Bamba’s physical tools — a 7-foot frame and 7-foot-10 wingspan — have exceeded his production throughout his career. Having buried 38.3 percent of his three the past two years, he’s a reliable stretch five, though defensive discipline, mobility and consistency escape him to this point. Since being drafted sixth overall in 2018, he’s failed to put it all together. His intrigue skews toward an idea rather than anything reinforced by steady on-court performance. But it’s a low-stakes investment and maybe, Bamba finds himself in Philly.

Montrezl Harrell signs a one-year, $2.9 million deal: F

After opening 2022-23 as Joel Embiid’s backup, Harrell was rightfully supplanted by Reed midway through the year because of shoddy pick-and-roll coverage and insufficient finishing. Then, he declined his player option and entered free agency, only for the Sixers to retain him for another year. Harrell was once a battering ram of a sparkplug whose interior scoring could prop up bench units and mask his defensive deficiencies. That didn’t prove the case last season. Bringing him back knowing all that, while the wing depth required reinforcements, was a poor decision, especially given Reed and Bamba’s presence when both of their contracts were agreed upon prior to Harrell’s return. Among Embiid, Reed, Bamba, and small-ball five P.J. Tucker, Harrell’s path to minutes seemed quite cloudy before he tore his ACL and meniscus.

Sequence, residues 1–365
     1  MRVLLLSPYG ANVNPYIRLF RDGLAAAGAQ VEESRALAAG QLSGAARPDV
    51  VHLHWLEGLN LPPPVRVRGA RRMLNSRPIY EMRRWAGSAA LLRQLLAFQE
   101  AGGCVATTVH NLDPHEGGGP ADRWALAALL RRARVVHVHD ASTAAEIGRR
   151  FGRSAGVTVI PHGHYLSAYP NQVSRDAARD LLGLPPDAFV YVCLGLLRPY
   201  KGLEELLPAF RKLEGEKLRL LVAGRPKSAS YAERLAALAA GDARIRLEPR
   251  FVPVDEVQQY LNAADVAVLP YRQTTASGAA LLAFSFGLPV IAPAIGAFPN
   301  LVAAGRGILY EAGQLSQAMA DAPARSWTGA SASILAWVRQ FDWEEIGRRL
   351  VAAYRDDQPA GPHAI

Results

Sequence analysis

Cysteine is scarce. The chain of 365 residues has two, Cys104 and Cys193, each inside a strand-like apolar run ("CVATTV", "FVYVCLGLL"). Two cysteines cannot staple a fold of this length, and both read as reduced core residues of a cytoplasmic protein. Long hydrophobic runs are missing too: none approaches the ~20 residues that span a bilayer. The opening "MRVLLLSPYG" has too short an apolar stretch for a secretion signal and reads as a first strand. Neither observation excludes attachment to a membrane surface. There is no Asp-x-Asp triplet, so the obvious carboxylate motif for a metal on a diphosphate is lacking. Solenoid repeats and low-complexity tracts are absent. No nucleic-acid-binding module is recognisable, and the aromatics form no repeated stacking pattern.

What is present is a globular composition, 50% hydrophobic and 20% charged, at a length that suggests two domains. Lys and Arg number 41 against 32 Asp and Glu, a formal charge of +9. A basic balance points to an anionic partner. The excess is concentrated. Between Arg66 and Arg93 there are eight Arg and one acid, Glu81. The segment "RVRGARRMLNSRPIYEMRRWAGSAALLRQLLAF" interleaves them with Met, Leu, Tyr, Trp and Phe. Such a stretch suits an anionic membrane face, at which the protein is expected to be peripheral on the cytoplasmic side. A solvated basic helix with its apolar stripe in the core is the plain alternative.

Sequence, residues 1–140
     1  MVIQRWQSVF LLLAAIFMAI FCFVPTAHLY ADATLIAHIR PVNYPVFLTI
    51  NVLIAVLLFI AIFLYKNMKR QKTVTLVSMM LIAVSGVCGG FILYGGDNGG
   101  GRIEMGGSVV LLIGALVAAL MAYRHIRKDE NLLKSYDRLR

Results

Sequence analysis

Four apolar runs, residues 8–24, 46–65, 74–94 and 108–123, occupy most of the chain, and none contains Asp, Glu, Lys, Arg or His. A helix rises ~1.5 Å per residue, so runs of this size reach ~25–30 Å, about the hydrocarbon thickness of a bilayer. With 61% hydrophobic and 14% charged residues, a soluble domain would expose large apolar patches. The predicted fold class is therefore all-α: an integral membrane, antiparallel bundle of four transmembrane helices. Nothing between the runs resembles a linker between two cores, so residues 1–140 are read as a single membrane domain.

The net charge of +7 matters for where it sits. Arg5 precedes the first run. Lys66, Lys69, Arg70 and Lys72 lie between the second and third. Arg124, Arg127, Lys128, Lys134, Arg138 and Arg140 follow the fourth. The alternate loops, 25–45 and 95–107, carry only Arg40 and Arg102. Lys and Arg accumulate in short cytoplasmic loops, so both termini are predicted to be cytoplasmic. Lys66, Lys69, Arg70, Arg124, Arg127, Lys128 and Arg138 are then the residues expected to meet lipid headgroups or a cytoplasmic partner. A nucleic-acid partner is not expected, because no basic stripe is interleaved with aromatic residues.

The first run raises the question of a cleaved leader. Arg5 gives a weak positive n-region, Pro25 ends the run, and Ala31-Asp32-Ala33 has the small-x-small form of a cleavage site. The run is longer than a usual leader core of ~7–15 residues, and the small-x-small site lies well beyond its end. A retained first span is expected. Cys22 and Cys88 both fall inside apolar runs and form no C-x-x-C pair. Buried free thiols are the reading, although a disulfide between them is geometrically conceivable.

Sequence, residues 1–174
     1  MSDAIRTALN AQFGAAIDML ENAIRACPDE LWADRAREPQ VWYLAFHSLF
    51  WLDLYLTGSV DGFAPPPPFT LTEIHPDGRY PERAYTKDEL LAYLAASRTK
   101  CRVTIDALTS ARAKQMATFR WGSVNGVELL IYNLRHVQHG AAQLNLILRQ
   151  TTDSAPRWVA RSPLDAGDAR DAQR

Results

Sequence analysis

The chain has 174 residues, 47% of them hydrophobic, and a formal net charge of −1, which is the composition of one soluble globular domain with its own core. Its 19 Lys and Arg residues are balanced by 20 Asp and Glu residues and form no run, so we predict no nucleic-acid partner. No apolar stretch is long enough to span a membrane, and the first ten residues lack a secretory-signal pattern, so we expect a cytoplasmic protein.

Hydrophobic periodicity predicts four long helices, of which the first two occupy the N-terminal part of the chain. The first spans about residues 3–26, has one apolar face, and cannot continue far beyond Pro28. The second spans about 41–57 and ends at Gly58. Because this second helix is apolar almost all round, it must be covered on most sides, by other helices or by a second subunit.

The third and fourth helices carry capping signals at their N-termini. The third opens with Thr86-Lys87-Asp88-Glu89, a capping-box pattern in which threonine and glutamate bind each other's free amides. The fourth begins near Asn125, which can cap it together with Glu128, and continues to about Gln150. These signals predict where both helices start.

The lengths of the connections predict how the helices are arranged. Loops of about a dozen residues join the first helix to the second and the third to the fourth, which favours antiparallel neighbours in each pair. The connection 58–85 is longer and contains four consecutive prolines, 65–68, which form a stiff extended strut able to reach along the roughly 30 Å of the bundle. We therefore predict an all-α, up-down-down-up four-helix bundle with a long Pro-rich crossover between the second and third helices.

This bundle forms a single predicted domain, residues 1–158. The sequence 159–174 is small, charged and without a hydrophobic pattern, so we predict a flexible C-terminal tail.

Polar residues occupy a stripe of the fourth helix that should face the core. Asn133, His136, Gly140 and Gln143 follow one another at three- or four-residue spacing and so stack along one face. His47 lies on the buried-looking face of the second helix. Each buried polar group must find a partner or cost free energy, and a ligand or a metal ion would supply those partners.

Everything else

Old friend Danny Green is back in a Sixers uniform on a non-fully guaranteed deal. He hardly played last season after tearing his ACL in May 2022 and returning in February 2023 to see occasional minutes for the Memphis Grizzlies and Cleveland Cavaliers. If he’s rejuvenated physically, his defensive feel, floor-spacing and off-ball movement could invigorate Philadelphia’s cast of wings. There’s no risk in the signing.

Filip Petrusev, selected 50th by the Sixers in 2021, agreed to a two-year, $3 million deal with a small guarantee. He’s never struck me as an NBA guy when I’ve watched him in Summer League or college at Gonzaga, and is the fourth true center on the depth chart. I’d be surprised if he makes the opening night roster.

David Duke Jr. and Javonte Smart are on Exhibit 10 deals. Marcus Bagley also signed one, but was waived and will likely join the Delaware Blue Coats. I imagine Duke and Smart will see similar futures. Terquavion Smith, Ricky Council IV and Azuolas Tubelis are on two-way contracts. The first two dazzled at times in Summer League with offensive creation and shot-making. Tubelis never really popped, to me. All of them should entertain prominent roles in Delaware.